Growing up in a multi-generational roofing company, Kathleen Maxwell said roofing was all she knew when it came to business. While studying English, creative writing and marketing at the University of Tennessee, she earned extra money while helping around the office during semester breaks. After graduation, she asked her father, John — who took over Maxwell Roofing & Sheet Metal, Inc. from his father in 1986 — for a marketing job that she never intended to become a stepping stone to a rewarding career.
RC: What type of work does your company do?
KM: Maxwell Roofing & Sheet Metal, Inc. is a commercial and industrial roofing and sheet metal company. We have three departments dedicated to their trade. Our construction department handles new construction and reroofing projects; our service department handles T&M work, small repair projects, preventive maintenance and account management; and lastly, our fabrication department handles in-house sheet metal fabrication and installation.
We’re a local, family-owned business that’s valued quality, teamwork, integrity, professionalism and service for over 60 years. We have about 75 employees total, including 60 in the field.
RC: How has your career progressed and how do you fit into the company’s success?
KM: Within a year, I became service coordinator for our service department. My passion to help others and form relationships with customers positioned me into a client account manager, and I quickly realized that I was in a position to create positive change with unlimited potential — and that the negative conception I related to roofing was just in my head, like so many others.
Fast forward nearly five years — and here I am, focusing on growing the business alongside an awesome team, and looking forward to continuing the third generation of Maxwell Roofing.
RC: Do you see a generational difference within your own company? If so, what are the biggest benefits and challenges?
KM: There’s definitely a generational gap within our company, which has many benefits and a multitude of challenges as well. To me, the benefits of having various generations within the company is different points of view and knowledge. The “old guys” can teach us “young ’uns” what to do and not to do and their technical expertise is bar-none. On the opposite end, the younger generation tends to bring a different skill-set when it comes to perspectives and problem solving.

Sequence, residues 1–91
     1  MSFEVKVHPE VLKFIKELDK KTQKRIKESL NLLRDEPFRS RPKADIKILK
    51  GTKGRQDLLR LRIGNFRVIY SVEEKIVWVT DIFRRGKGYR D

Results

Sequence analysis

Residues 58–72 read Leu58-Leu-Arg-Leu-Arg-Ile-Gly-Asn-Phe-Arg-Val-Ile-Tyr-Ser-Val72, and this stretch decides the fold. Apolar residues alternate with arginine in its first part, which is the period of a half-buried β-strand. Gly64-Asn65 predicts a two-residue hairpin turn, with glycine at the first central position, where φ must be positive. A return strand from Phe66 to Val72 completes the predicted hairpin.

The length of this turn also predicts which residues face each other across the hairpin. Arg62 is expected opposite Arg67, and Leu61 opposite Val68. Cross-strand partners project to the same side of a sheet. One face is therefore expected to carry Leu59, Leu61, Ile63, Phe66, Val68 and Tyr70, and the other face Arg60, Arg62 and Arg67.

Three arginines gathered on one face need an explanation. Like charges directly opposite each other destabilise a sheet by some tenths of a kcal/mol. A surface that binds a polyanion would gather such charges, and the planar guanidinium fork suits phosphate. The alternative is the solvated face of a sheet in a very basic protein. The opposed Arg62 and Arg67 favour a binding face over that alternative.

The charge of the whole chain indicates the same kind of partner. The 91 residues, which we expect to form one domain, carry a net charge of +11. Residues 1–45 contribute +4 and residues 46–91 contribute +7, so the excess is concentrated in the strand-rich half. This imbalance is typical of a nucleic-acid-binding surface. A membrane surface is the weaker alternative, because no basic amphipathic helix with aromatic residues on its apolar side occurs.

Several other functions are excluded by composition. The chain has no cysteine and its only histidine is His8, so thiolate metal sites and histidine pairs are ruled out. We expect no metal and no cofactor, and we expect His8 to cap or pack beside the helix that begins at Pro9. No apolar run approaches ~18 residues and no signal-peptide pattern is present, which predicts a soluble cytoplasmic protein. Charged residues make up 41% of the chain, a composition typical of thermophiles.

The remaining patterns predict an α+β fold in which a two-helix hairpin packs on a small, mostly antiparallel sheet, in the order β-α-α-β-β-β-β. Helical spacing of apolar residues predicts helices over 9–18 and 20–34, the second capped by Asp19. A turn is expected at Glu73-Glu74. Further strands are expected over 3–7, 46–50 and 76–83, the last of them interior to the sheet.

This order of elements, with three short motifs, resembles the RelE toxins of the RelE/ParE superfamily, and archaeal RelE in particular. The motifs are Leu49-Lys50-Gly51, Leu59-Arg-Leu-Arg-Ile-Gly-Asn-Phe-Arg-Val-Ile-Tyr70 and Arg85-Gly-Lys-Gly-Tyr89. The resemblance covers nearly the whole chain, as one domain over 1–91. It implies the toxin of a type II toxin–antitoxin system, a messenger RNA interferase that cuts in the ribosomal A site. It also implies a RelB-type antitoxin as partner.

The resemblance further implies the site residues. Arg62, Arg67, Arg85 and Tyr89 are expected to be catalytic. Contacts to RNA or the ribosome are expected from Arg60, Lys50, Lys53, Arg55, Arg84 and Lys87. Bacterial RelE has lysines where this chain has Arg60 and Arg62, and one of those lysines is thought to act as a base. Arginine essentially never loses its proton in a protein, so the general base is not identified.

RC: Do you believe your age gives you an advantage in the roofing business?
KM: I’d say there are advantages and disadvantages to every side. Being a young female in the industry can be difficult, but it’s what you make of it — how you present yourself.
I don’t claim to know everything there is to know about roofing, but I will find out what I don’t know; and luckily, I have experts in our company that I can rely on to teach me. I think as a non-expert in roofing, I have a fresh perspective, and focus more on the customer experience than the product we provide. Whether it’s roofing or a new pair of shoes — customer interaction is what sets us apart from competition.
RC: What are some specific challenges in your market, and how are you overcoming them?
KM: Roofing has such a negative connotation behind it, and I believe that’s a challenge in itself. It’s not something you can sell, because no one wants to buy a new roof. When people are positioned to purchase a new roof, it’s typically a negative experience — on their side. Our goal is to make it a positive interaction, with pro-activeness in mind, so that the customer gets what they want in a roof — not just what they need, and feel a sense of partnership in the decision process.
The other big challenge in the Nashville market right now is the growth. While the construction industry is very thankful for it, it’s been difficult to recruit, hire, and keep up with demand.
RC: What about roofing are you passionate about?
KM: Service! I believe it’s where we, as individuals and a company, can make the most impact. Lead with service. The day-to-day human interaction of creating and expanding relationships is what makes a “job” fun — I like to call it service-forward thinking. Relating and connecting to customers is what I enjoy doing — not to mention, being able to help an individual in need is fulfilling. In today’s world, it’s all about the customer experience, not the transaction — that’s what a partnership promotes. Every customer does not need a new roof, but every customer needs a professional service partner.
RC: What excites you about the future?
KM: Within the next 10 years, we’re looking to transition over to the third generation of the company. This adds new challenges, but also opportunities, and we’re excited to explore the possibilities together as a team. Our goal is to build partnerships to exceed expectations in the commercial roofing and construction services.